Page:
Christmas is upon us, our last Christmas together as pastor and people. I cannot begin to find the words to ex-press my gratitude to you, and my love for you. I believe this will be a very special time in the life of our church as we celebrate Advent and Christmas for the 29th time together. We will wait with hopeful expectation for Jesus to be born among us once more.
I have often quoted Helmut Thielicke’s sermon entitled, “The Message of Redeeming Light,” in which he wrote that “If we take light seriously, we also have to reckon with the fact that there is a night in which it shines….It, (light) is a miracle only if the night is taken seriously.” The context for these words was World War II Nazi Germany. It was night all around our world.
A hymn we often sing proclaims that “morning has broken.” For some this is true. Praise God. But others continue to be victims of violence, abuse, or war. For still others, Christmas is not a time of happiness and good cheer. There are financial worries, family challenges, and health concerns. Some have lost loved ones and that makes this season particularly difficult; signs of our world’s night to be sure.
Just as the first Christmas was enveloped in the darkness of sin and sadness, so too is our Christmas celebration. Thank God for the miracle of light, and for the star that leads to a humble manger and to a child destined to be the light of the world; the child who would suffer and die to redeem the world’s sin and sorrow and death. Thank God for this one who lights our way to God.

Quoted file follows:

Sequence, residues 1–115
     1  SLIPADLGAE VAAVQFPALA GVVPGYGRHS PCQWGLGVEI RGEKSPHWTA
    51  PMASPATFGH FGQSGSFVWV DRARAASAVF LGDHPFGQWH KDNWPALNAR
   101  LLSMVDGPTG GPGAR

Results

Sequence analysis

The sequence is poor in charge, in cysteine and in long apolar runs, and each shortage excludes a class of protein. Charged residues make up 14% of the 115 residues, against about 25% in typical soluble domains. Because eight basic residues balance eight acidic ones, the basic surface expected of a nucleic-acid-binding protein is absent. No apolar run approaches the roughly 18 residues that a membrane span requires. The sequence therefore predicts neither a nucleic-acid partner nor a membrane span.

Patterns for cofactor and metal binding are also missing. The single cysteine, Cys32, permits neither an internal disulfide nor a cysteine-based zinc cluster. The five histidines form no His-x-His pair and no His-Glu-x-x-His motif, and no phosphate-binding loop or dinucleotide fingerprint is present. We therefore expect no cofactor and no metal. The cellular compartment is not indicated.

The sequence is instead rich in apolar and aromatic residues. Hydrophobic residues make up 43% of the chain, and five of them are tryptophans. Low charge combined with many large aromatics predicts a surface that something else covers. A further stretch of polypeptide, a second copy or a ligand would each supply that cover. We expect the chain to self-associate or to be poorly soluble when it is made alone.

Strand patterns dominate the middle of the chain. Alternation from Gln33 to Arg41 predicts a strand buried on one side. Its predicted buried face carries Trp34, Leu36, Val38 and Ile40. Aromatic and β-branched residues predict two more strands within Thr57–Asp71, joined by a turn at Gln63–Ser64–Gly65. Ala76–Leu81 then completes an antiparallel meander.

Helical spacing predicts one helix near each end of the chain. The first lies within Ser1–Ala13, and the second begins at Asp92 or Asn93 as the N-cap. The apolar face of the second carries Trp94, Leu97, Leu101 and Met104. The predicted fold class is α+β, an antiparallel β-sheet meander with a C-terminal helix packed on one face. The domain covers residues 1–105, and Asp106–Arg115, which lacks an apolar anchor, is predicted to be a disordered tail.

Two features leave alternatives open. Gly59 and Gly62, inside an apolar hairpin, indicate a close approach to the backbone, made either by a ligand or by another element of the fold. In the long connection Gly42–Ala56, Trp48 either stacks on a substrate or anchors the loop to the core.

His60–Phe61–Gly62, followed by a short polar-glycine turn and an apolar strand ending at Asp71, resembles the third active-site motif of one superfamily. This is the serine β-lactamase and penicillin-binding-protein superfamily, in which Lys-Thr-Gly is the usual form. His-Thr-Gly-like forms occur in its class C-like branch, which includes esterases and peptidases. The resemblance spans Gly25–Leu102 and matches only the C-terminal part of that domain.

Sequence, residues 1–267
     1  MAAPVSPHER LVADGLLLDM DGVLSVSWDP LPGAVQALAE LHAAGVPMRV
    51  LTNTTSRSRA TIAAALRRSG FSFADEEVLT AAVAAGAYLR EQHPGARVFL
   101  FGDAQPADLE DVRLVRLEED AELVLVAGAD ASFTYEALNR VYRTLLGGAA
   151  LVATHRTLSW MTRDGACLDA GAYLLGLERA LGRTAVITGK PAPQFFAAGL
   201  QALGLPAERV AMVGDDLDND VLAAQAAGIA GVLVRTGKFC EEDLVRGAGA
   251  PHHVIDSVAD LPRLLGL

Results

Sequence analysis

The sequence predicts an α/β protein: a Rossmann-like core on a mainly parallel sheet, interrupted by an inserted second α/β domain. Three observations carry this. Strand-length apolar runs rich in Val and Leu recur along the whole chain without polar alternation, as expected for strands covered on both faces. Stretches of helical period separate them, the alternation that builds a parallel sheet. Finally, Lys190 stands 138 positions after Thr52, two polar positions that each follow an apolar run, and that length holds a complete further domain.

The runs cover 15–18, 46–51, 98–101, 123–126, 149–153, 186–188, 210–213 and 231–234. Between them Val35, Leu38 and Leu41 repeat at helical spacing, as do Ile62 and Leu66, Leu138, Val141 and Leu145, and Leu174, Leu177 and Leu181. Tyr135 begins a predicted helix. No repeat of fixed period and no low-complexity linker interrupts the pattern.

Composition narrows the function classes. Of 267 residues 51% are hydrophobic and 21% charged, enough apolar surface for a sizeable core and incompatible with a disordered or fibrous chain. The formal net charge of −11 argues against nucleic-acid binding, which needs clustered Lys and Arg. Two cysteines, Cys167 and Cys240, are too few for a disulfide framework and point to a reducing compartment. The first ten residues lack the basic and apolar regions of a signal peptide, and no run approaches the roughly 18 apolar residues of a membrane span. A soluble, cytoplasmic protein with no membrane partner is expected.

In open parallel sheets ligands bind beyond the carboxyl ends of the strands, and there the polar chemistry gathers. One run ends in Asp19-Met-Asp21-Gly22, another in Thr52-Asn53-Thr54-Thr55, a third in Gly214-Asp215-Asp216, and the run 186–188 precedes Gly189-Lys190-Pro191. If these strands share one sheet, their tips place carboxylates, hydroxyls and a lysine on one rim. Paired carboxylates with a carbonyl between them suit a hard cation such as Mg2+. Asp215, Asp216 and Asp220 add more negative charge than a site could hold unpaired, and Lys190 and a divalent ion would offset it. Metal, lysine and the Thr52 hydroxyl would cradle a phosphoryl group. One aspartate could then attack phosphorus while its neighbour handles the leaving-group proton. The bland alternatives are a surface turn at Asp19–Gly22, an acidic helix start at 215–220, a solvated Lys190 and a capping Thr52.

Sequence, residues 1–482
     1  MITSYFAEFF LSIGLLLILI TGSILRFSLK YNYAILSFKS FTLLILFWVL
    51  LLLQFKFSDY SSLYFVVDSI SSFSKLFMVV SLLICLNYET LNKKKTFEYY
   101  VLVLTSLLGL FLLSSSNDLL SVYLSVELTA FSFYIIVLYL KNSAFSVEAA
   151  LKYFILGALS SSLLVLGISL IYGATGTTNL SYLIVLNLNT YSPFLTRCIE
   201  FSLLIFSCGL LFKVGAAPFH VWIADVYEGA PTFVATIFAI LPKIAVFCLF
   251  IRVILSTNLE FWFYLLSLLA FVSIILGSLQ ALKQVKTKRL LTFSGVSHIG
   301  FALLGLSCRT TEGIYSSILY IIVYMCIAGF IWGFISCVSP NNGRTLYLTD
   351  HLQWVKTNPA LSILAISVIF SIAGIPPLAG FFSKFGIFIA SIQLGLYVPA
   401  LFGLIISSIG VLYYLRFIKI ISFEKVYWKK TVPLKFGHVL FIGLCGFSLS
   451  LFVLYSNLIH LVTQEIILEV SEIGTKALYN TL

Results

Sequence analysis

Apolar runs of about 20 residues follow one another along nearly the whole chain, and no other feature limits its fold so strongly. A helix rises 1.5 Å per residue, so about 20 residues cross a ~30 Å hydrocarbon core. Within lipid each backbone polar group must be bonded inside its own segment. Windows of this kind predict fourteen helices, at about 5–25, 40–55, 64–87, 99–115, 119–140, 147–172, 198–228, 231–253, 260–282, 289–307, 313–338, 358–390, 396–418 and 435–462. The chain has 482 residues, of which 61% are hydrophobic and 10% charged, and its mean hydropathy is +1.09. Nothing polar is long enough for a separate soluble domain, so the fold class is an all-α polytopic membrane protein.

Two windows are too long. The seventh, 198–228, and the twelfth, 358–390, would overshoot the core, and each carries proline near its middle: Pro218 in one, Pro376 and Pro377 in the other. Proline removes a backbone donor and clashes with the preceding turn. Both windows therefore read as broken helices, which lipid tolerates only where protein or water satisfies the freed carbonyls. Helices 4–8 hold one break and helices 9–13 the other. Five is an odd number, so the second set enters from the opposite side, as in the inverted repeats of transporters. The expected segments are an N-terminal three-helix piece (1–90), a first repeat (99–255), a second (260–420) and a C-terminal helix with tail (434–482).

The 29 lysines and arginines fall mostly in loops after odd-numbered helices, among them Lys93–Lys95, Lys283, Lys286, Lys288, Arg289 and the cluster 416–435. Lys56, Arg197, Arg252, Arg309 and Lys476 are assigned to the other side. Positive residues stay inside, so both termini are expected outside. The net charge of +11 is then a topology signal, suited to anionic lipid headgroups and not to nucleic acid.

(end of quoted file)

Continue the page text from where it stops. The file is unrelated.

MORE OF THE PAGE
Leslie Weatherhead once spoke of Christianity as the “religion of the dawn…we do not pretend that there is no night but we live in faith that however long the night, in world affairs or our own hearts, the night will pass, and the dawn will come.”
I marvel each year at the tenacity the Christmas story has on my mind and heart. But I also wonder about those who have never heard the story or truly experienced Christmas. Jesus once told us that “we are the light of the world.” We are to throw off a radiance that touches the hearts and minds of others. Like our candles on Christmas Eve, every single light can make a difference. Thank you Church, for all the ways you light up our community and world. I challenge you to continue to be intentional in finding new and creative ways to share the light and love of Christ with all.
Longfellow heard the bells on Christmas day and said, “There is no peace on earth, for hate is strong and mocks the song of peace on earth, good will to men.” I prefer the words of Horatio Bonar: “I heard the voice of Jesus say: ”I am this dark world’s light, look unto me, thy morn shall rise, and all the day be bright. And in that light of life I’ll walk, till traveling days are done.” God bless you all! Merry Christmas!
In Christ’s love, Pastor Joel
Rev. Dr. Doris Barron-Shell